Jump to content

Jesse Henry Leavenworth

From Wikipedia, the free encyclopedia

Jesse Henry Leavenworth (March 29, 1807–March 12, 1885) was a military officer and engineer.



Early life


Leavenworth was the son of Brigadier General Henry Leavenworth and his wife Elizabeth Eunice Morrison. He was born March 29, 1807, in Danville, Vermont. He was a graduate of West Point class of 1830.

Early career


Upon graduation he was commissioned as a second lieutenant in the 4th Infantry, known as the "Rocky Mountain Rangers", based near Denver, Colorado, which protected the frontier against bandits and Indian marauders.

Leavenworth married Elvira Caroline Clark, daughter of Festus Clark, of Sackett's Harbor, New York, June 12, 1832, and they had four sons and four daughters between 1833 and 1853. He resigned from the Army in 1836 to spend more time with his family.

Leavenworth was a civil engineer active in the west, with a private practice based in Chicago, Illinois, for 22 years. He also worked as a lumber merchant in Wisconsin.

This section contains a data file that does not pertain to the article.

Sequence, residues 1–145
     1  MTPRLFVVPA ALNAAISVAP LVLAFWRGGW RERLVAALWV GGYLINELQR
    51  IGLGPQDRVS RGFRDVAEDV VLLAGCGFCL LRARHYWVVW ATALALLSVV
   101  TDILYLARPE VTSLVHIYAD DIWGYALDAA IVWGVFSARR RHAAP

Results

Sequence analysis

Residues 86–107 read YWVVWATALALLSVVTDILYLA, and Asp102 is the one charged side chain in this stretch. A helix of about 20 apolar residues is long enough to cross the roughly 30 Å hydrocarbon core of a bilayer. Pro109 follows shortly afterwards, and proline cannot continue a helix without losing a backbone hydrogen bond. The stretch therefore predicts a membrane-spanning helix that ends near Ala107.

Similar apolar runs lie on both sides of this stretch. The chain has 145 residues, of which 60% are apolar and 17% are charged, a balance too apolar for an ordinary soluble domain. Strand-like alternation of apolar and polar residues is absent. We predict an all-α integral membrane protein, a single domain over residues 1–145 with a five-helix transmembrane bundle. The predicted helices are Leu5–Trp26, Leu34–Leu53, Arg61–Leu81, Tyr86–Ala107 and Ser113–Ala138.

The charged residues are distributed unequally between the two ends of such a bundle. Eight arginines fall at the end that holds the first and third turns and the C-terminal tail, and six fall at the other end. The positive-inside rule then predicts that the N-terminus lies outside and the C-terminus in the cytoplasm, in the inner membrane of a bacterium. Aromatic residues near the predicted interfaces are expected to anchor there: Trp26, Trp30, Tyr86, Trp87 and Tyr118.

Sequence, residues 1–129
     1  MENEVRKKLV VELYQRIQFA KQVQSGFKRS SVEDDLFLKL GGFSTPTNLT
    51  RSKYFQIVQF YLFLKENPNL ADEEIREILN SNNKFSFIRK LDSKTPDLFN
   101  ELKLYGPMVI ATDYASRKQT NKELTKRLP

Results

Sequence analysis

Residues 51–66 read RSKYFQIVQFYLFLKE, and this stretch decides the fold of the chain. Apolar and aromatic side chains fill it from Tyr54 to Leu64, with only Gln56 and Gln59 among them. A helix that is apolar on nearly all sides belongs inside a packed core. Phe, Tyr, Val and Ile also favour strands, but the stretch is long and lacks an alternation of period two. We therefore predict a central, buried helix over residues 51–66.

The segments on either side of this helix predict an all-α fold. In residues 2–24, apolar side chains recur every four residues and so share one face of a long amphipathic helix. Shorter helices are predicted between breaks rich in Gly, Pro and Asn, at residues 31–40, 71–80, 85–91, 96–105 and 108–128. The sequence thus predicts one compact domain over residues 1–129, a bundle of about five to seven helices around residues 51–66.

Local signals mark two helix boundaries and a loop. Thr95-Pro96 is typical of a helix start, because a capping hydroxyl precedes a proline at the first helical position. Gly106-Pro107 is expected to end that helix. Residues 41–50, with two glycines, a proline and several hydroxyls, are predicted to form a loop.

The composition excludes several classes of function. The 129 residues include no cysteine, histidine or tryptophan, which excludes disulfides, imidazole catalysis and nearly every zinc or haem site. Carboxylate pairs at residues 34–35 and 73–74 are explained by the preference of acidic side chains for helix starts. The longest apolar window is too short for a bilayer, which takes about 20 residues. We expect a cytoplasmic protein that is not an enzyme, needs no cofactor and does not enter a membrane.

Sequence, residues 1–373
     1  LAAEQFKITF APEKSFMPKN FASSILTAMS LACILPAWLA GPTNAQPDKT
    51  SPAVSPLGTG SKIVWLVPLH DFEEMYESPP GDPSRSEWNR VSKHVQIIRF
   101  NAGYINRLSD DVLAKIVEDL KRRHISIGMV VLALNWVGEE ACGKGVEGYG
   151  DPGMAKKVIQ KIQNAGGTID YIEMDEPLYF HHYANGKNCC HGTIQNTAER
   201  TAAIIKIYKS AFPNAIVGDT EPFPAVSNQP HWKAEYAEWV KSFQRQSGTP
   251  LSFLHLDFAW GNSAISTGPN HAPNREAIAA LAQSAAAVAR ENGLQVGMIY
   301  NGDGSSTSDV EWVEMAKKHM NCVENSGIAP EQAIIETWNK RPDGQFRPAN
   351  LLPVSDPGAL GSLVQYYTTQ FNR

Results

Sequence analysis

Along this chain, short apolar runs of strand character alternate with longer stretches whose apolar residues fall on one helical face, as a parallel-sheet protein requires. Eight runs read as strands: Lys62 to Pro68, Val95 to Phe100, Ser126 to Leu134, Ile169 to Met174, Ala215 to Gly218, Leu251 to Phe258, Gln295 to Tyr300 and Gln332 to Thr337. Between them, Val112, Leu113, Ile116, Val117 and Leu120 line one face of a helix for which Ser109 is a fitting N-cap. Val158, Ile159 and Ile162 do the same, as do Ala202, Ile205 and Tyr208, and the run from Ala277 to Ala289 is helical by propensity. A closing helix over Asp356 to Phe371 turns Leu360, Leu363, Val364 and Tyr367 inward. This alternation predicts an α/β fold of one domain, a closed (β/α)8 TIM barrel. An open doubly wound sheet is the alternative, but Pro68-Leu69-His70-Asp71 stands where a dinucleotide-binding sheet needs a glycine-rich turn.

Civil War


On February 17, 1862, after the outbreak of the American Civil War, he was commissioned as a colonel in the volunteers and was given command of the 2nd Colorado Infantry Regiment. He was once again assigned to the "Rocky Mountain Rangers" in which he now had the added responsibility of guarding against action by Confederate sympathizers. He was honorably discharged on September 26, 1863.

In the Spring of 1862, the government sent multiple companies out West to escort wagon-trains and mail-coaches. That May, Colonel Jesse H. Leavenworth traveled west with the Ohio Calvery to commanded the Ninth Wisconsin artillery, with six brass twelve-pounders.

Later life


In 1864 the Army made Leavenworth the Indian agent to the Southern Cheyenne, Kiowa and Comanche, representing the United States government in its attempts to keep peace with the tribes. He was responsible for a number of captive releases of hostages taken by the tribes.

After retiring from government service around 1870, he returned to Wisconsin and resumed his activities as an engineer and merchant; he died in Milwaukee, Wisconsin in 1885. His daughter, Mary, was the wife of Charles James Kershaw, a grain broker trading on the Chicago Board of Trade.